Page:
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He was given a life sentence in 1976. Duke's Wrongful Convictions Clinic is fighting for his freedom

Chronicle File Photo | Duke Law School
Chronicle File Photo | Duke Law School

Charles Ray Finch was convicted of murder in 1976 and sentenced to life in prison. 

But 42 years later, Duke's Wrongful Convictions Clinic is fighting for Finch's freedom.

Last month, the U.S. Court of Appeals for the Fourth Circuit granted Charles Ray Finch a full federal court hearing after James Coleman Jr., John S. Bradway professor of the practice of law and co-director of the clinic, presented oral arguments. 

Finch was convicted of shooting gas station owner Richard Linwood Holloman in 1976 and was initially sentenced to death, which was soon commuted to life in prison. The Wrongful Convictions Clinic began fighting for his release in 2001, Coleman told The Chronicle.  

He explained that the clinic had several reasons to believe Finch was innocent. Five alibi witnesses testified that Finch was playing poker at Tom Smith’s Shoeshine Parlor at the time of the shooting. However, their testimonies were rejected in favor of the account of one eyewitness, Lester Floyd Jones, a man who struggled with short-term memory loss and alcoholism.

Eillen Ulate, a Duke Law School student who worked on the case, gave an example of potential bias.

She said that the detective asked Jones and Noble Harris, a customer who visited the gas station at the time of the shooting, whether they saw Finch, even though neither witnesses voluntarily brought up Finch. 

Coleman also claimed that officials pressured Harris into changing his testimony about where he saw Finch.

In the police lineup, Finch was the only individual wearing a long coat and a hat, articles of clothing that Jones used to describe the shooter in his initial testimony. In its 2019 ruling, the three-judge panel wrote that the lineup was “unduly suggestive.” 

"Because the present record meets the exacting standard for the actual innocence gateway to consideration of a constitutional claim, we reverse the district court’s decision and remand the petition for adjudication on the merits," the decision stated.

In the November oral arguments, Chief Judge Roger Gregory discussed that the eyewitness identification was further complicated by the scientific research behind cross-racial identification, which shows that people are less accurate in identifying those of another race. Jones and Harris are white, and Finch is African American. 

“The issue of accuracy in eyewitness identification is so salient because mistaken identification is the most common factor by far in wrongful conviction,” said Sarah Milkovich, another Duke Law School student who worked on the case.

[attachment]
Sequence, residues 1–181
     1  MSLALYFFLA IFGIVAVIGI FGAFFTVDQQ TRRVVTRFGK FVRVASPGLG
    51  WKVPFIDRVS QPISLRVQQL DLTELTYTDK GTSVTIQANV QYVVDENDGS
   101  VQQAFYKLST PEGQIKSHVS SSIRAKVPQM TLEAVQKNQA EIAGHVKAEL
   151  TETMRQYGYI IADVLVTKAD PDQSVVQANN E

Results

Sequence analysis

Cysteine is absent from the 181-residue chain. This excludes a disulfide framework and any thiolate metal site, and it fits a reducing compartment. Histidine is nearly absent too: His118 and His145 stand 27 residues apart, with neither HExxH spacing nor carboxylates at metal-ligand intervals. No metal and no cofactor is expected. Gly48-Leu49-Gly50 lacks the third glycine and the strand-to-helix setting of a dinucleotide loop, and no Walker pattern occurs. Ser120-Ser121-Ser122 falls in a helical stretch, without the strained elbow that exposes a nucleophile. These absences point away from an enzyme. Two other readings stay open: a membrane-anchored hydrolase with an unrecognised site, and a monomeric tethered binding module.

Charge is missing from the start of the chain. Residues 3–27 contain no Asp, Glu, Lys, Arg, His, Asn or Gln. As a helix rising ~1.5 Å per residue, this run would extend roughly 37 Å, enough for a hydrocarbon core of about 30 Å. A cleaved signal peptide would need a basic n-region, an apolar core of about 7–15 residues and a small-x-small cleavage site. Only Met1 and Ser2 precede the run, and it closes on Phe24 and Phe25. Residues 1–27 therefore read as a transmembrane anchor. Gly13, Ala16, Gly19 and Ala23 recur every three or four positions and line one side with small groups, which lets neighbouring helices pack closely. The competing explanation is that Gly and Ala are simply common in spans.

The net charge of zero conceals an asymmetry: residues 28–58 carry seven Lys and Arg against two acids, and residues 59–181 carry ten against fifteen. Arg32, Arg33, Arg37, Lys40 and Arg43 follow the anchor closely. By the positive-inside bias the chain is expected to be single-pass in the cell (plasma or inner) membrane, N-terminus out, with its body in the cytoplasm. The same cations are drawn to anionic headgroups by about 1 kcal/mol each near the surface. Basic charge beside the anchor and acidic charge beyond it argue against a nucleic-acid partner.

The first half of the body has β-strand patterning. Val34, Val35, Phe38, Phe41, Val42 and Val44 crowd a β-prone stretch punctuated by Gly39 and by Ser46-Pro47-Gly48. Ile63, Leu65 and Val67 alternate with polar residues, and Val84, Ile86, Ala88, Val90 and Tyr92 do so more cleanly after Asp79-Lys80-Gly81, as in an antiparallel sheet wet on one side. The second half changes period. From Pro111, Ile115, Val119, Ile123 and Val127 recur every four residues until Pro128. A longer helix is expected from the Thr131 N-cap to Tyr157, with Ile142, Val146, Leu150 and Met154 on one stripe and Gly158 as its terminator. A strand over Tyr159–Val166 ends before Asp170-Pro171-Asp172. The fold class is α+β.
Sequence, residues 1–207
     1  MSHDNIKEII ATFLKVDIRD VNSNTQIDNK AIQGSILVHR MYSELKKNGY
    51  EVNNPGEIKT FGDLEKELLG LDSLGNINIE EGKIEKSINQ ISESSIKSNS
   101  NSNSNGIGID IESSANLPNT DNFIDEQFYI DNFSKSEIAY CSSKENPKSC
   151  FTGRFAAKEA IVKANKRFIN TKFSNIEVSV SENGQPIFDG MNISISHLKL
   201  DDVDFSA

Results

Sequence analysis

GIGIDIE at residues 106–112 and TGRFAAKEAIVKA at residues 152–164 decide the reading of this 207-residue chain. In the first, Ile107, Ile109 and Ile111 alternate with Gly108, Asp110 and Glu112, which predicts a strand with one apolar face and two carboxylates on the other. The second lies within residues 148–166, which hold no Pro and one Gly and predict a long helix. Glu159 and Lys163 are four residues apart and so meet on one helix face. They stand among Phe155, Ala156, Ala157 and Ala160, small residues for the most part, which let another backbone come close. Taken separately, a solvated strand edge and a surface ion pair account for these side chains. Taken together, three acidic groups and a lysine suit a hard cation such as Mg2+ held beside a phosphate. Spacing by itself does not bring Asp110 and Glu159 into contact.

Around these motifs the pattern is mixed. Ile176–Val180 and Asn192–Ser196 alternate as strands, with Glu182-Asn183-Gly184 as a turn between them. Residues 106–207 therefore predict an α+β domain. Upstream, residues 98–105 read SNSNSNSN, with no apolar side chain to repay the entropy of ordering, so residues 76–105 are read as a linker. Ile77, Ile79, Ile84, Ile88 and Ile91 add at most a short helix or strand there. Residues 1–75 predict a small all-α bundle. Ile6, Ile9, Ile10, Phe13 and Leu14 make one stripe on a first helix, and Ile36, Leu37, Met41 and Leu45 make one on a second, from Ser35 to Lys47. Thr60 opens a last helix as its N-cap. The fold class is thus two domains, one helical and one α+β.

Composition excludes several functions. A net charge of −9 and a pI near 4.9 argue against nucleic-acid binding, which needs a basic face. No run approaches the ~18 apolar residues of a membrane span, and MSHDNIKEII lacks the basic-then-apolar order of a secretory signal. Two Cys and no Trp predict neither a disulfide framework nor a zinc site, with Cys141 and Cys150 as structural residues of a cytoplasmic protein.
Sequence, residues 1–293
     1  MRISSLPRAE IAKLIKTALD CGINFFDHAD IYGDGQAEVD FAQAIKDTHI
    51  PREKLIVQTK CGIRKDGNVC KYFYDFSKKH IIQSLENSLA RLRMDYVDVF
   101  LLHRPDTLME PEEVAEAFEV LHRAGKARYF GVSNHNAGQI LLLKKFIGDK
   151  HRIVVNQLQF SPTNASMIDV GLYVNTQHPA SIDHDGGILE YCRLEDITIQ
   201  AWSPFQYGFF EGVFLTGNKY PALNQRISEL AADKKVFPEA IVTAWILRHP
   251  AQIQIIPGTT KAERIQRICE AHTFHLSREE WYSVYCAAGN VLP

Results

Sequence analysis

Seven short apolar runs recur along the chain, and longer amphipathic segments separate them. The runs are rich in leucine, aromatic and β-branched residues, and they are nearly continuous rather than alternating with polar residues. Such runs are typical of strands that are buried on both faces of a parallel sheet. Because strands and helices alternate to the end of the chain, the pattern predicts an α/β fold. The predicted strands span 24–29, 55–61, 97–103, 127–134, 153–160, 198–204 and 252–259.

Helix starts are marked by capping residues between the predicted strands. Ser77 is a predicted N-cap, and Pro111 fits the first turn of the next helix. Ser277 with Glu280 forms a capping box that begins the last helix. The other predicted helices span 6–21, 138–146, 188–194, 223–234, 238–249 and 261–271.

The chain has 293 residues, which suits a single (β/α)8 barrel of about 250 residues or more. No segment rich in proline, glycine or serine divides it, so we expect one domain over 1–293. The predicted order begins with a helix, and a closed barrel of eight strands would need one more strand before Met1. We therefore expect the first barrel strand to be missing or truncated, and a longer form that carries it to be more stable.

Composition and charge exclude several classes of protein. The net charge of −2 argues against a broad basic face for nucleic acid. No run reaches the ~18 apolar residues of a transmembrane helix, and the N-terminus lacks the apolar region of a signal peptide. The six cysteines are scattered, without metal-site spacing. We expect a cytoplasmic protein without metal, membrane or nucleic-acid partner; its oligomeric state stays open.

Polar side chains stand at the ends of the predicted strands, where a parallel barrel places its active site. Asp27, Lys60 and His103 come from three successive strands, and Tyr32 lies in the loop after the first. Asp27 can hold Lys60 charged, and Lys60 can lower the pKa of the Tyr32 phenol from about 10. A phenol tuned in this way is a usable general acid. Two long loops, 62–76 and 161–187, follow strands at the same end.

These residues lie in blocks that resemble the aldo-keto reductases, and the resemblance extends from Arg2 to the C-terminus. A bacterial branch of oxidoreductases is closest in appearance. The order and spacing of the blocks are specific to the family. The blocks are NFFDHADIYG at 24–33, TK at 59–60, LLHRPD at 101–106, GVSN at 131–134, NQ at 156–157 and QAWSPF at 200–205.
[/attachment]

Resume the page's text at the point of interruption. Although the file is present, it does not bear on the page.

Although Jones said that he saw Finch killing Holloman with a shotgun, an autopsy by John Butts, North Carolina’s chief medical examiner, suggested that there were only handgun wounds, Coleman said.

James Coleman | Special to the Chronicle

Since 2002, the clinic has contacted major state elected officials, requesting a review of Finch’s case. But none of them were interested, Coleman noted.

“State officials will resist giving into the facts in the case and instead will defend the conviction on procedural grounds, even if the person seems to be innocent,” he said. 

In 2016, the U.S. District Court for the Eastern District of North Carolina denied Finch’s habeas petition, citing the one-year statute of limitations, according to a press release about the case.  

Coleman said that the Fourth Circuit’s ruling is so strong that Finch may be released without returning to court. 

“We think that there are no facts, none, that the attorney general can point to that would support a conviction of Mr. Finch,” Coleman said. “So we’re hoping that the attorney general is going to release him. And we’re hoping to get a decision sometime this week.”

In her last semester of law school, Milkovich said that regardless of the attorney general’s decision, she is committed to fighting for Finch.   

“I fully intend to be available to help after graduation and into my career,” Milkovich said. “If Professor Coleman called me right now and asked me to edit footnote citations, I would say absolutely yes. I am here for the long haul.”

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